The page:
He’s got the ideavirus working for him, the long tail, and his website is clear and obvious and quick.
There’s a story, the word is easy to spread… boy, I hope this works. I think the secret is not that he’s got a centralized web site, but that he’ll end up with hundreds of chapters with thousands of members all working in coordination.
Microsoft has generously donated advertising on the home page of MSN to promote The Big Moo.
This is one of the five most visited webpages on Earth, and it’s quite a thing for them to donate us an ad.
As you know, the Big Moo is a book written by 33 people, with 100% of the royalties going to charity. You can find out more about the book and charities here. THE CHALLENGE: If you can create the best ad (according the the specs, available in this PDF: Download MSNadspec.pdf) we’ll run your ad and promote you as the designer.
I’ll also point to three runners-up from my blog and will encourage my co-authors to do so as well.
SO, you do an ad on spec, and if it’s great, you get publicity far and wide, leading, perhaps to not just good feelings around holiday time but plenty of new business, and maybe a shot at being on Oprah, if that’s your business. Amateurs are welcome to apply.
The objectives: 1. To generate clickthrough to the Amazon page for the Big Moo (this Amazon link). 2. To generate sales of the book at that page. 3. There is no number 3.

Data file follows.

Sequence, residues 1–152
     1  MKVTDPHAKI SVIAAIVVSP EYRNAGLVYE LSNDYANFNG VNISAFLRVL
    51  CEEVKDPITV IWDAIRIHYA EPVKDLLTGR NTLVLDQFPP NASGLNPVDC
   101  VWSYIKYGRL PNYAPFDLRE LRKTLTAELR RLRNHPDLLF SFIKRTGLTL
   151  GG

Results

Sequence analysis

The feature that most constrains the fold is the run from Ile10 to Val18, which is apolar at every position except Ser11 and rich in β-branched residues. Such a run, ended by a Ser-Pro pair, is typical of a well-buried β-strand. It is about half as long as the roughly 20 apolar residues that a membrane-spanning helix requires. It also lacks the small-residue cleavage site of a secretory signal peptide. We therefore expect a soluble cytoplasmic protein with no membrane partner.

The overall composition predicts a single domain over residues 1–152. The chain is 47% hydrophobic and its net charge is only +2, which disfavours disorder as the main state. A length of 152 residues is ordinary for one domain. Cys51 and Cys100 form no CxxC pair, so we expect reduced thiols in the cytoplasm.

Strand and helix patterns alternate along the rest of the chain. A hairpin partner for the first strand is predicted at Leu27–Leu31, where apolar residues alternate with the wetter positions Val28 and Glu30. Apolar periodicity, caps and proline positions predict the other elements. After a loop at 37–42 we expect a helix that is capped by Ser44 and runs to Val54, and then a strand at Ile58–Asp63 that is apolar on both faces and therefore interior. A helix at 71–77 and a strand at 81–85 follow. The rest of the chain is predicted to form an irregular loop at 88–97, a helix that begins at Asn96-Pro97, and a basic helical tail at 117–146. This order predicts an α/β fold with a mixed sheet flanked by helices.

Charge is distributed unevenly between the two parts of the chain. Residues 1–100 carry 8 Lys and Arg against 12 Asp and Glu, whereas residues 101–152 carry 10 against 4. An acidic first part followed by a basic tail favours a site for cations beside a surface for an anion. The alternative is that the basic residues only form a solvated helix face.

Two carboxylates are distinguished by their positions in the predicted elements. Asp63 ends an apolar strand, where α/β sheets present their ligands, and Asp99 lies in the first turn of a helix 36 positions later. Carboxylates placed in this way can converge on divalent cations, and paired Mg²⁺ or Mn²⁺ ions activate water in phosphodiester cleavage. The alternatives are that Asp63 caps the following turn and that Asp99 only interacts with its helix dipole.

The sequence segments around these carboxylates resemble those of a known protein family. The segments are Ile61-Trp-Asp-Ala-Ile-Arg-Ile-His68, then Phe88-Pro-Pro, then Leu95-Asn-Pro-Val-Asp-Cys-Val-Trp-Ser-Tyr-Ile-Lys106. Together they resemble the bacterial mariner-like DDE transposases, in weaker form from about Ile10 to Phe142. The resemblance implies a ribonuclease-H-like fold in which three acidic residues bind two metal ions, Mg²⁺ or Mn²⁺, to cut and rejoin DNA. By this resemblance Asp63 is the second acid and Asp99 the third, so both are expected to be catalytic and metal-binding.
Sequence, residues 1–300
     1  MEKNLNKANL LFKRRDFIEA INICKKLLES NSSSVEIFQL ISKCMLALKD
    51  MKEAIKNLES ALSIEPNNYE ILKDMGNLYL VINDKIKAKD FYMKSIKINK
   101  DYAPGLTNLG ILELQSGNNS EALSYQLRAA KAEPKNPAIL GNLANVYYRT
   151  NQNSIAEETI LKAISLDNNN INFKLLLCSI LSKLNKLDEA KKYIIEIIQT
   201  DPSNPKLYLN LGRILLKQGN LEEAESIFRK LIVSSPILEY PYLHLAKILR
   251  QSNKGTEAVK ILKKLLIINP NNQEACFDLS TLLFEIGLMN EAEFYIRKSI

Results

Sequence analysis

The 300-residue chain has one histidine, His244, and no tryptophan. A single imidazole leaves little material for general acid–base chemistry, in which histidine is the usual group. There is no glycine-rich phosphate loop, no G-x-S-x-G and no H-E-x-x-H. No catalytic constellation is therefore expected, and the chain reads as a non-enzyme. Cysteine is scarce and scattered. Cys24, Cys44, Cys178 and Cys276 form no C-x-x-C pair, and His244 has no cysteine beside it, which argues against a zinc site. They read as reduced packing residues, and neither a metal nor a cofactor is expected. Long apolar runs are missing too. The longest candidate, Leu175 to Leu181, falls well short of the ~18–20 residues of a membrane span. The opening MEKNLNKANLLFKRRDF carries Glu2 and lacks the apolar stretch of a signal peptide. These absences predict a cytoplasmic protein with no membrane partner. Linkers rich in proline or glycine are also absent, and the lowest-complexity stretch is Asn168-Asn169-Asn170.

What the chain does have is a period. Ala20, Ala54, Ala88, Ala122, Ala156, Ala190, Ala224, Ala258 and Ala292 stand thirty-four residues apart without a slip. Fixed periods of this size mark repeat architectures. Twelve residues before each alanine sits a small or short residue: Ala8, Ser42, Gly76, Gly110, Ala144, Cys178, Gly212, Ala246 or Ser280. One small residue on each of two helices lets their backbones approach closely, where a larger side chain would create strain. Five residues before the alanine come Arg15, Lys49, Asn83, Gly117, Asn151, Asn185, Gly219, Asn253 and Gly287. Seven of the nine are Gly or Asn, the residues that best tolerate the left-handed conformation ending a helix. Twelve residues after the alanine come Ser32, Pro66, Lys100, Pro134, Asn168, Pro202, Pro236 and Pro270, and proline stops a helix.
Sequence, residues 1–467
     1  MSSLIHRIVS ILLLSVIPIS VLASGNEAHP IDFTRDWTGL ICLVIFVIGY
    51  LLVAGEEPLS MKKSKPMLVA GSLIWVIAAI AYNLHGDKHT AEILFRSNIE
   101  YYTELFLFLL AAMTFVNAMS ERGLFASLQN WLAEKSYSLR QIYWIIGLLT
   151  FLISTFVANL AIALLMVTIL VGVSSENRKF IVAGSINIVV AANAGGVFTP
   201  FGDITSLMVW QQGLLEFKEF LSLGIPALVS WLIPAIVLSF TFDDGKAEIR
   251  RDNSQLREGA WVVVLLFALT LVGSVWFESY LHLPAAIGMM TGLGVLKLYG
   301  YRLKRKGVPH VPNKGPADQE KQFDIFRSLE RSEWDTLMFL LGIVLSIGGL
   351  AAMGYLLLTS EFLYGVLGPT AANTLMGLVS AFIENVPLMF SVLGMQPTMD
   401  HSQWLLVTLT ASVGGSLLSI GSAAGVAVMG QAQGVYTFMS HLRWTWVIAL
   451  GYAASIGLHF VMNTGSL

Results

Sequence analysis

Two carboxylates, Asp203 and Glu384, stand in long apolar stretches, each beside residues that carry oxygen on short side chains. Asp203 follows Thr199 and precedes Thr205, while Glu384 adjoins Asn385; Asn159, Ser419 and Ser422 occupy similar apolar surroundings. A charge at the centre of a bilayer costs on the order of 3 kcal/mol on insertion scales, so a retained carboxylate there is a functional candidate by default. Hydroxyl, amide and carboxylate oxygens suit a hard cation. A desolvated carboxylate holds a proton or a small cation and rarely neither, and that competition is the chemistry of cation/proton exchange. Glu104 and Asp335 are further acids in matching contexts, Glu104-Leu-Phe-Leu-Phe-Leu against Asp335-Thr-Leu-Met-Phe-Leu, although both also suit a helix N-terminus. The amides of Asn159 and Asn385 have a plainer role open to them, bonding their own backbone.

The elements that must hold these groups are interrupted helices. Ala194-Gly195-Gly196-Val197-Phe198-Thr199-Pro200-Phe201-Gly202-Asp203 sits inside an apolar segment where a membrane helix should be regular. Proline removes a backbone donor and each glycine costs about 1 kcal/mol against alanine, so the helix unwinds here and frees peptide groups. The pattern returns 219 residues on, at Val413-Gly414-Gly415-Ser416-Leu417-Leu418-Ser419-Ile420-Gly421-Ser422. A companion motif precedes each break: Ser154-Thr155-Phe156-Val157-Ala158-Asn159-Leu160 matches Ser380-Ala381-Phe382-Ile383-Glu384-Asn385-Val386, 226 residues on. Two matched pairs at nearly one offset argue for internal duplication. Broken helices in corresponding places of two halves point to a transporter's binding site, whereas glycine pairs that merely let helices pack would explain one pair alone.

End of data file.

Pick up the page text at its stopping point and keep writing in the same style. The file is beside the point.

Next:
The deadline for the contest is a week from today, so if you’re going to do it, do it right now so you can submit your entry on time. (12/12 at noon EST. Send a link to your hosted ad to: firstname.lastname@example.org)
Every penny we earn goes to charity. You get all the kudos. Microsoft does the right thing. We sell a lot of books. Happy holidays! And thanks.
Of course, the human mind, in its neverending quest to create meaning, invents coincidences all the time.
I’m a big fan of modern art, but I admit that I had never heard of April Gornick.
Tom Cohen, a board member at Squidoo, knows April.
Today, I did a search for a gas station near my house that would put snow tires on my wife’s car. Typed in my town and the word GAS into google.
Guess what the seventh match was?
The art of April Gornick.
Of course, I never would have noticed this if Tom and I hadn’t been discussing April the week before. My point, and I do have one, is that search makes it far more likely that you notice something that you weren’t expecting. Bookstores are great at situational selling, at exploiting the proximity effect to help you discover something you didn’t think you were looking for. Amazon isn’t nearly as good at that (though they’re trying.)
I think it’s inevitable that Google will start featuring thumbnail photos in adwords–it will dramatically increase the chance that a surfer’s subconscious will pick out a tiny detail that leads to a click.
Most ventures that want to grow do some sort of marketing. And that marketing can be divided into two things that work. And one that doesn’t.
The needle uses simple physics to work. Apply pressure to a tiny, carefully selected area and you’re going to get penetration. That’s why a 92 pound nurse can give you a flu shot… the tiny surface area of the tip of the needle has no trouble slipping into your skin.
Permission marketing is about the needle. The right person, the right message, the right moment. Anticipated, personal and relevant messages that get through to the person you need to reach.
The needle doesn’t happen all at once. You need to have the right combination of reputation, product and prospect.
The vise uses a different principle of physics to work, but it works as well. The vise is about providing increasing amounts of pressure over the entire area. And because of the nature of a screw, you can create huge amounts of pressure over time without overexerting yourself. Get your hand stuck in a vise and you’ll see what I mean.